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Making Hay: How to Cut, Dry, Rake, Gather, and Store a Nourishing Crop. A Storey BASICS® Title

Making Hay: How to Cut, Dry, Rake, Gather, and Store a Nourishing Crop. A Storey BASICS® Title

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Making Hay: How to Cut, Dry, Rake, Gather, and Store a Nourishing Crop. A Storey BASICS® Title

4/5 (1 avaliação)
108 página
45 minutos
Lançado em:
Apr 25, 2014


Ann Larkin Hansen offers expert advice on everything from scythes to disc mowers, and details the pros and cons of using horse power or tractors. You’ll learn how to choose the right species for your soil, judge hay quality to buy or sell, and determine how many bales your animals need to stay happy, healthy, and energetic. 

Lançado em:
Apr 25, 2014

Sobre o autor

Ann Larkin Hansen is the author of The Backyard Homestead Seasonal Planner, The Organic Farming Manual, The Electric Fencing Handbook, Finding Good Farmland, and Making Hay; coauthor of A Landowner’s Guide to Managing Your Woods with consulting forester Dennis Waterman and master logger Mike Severson; and coauthor with her husband, Steve, of Maintaining Small-Farm Equipment. She has been a journalist for more than 30 years, specializing in organic agriculture and sustainable forestry. A homesteader and a small-scale organic farmer, she lives with her family on a farm in northern Wisconsin.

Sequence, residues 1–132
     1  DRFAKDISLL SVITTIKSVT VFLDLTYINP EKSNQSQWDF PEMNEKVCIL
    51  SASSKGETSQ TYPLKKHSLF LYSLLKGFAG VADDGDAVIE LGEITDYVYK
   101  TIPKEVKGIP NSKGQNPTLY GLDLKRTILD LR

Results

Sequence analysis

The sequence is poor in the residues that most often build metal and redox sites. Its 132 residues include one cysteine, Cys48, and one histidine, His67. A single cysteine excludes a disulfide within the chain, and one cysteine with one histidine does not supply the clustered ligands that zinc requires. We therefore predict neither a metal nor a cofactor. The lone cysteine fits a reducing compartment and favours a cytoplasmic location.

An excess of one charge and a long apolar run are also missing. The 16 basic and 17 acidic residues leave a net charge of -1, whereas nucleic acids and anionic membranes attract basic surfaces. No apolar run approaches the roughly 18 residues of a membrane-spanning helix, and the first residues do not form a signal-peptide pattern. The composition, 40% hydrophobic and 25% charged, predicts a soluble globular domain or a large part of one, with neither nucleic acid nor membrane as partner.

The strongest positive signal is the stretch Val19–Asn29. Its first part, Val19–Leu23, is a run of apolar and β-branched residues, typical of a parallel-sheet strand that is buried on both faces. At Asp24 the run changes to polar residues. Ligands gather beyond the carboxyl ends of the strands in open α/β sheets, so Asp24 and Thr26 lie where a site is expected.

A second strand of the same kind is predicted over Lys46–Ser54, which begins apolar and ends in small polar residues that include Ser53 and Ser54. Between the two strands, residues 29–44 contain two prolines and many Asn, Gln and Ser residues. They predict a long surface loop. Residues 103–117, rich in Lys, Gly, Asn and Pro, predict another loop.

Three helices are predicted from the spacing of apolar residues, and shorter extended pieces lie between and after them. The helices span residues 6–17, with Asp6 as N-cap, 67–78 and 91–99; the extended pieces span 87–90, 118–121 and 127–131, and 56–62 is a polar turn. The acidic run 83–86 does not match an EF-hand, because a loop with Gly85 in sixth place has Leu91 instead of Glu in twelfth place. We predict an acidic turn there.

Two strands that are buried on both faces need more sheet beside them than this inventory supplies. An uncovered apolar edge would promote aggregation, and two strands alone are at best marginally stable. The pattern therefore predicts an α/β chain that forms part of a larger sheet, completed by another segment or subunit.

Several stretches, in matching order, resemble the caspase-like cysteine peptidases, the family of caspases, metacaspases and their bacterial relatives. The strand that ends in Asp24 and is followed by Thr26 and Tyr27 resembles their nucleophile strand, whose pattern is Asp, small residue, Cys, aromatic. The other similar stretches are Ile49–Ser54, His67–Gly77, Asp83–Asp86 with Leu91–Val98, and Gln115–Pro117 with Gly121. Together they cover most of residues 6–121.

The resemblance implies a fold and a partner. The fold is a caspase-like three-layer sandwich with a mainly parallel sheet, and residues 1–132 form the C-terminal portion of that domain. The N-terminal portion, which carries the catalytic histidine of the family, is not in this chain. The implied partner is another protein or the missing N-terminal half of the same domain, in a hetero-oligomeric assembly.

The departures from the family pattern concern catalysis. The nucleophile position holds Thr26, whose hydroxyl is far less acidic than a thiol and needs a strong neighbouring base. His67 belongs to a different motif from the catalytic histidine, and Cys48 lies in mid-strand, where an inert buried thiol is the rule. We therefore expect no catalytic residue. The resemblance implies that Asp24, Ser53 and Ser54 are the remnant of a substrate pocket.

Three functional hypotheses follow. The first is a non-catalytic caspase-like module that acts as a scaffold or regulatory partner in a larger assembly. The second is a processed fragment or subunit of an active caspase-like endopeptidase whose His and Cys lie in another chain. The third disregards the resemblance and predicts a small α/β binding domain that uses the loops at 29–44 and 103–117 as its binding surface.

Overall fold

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Amostra do Livro

Making Hay - Ann Larkin Hansen



Introduction: Good Hay

Chapter One: Judging

Chapter Two: Cutting

Chapter Three: Drying

Chapter Four: Raking

Chapter Five: Gathering

Chapter Six: Storing

Chapter Seven: Problem Solving and Planning




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Share Your Experience!


Thanks to Denny, Randy, Nathan, Elijah, Jonathon, Kelly, Pat, and Mike for many years of lending a hand when needed, and the mechanics at Badger Sales for all the advice, help, and assistance with repairs over the years. It takes a neighborhood to make a farmer, and I have great neighbors. Thanks also to our three boys, Nick, Phil, and Joe, for all the bales they moved, and to my husband, Steve, for everything.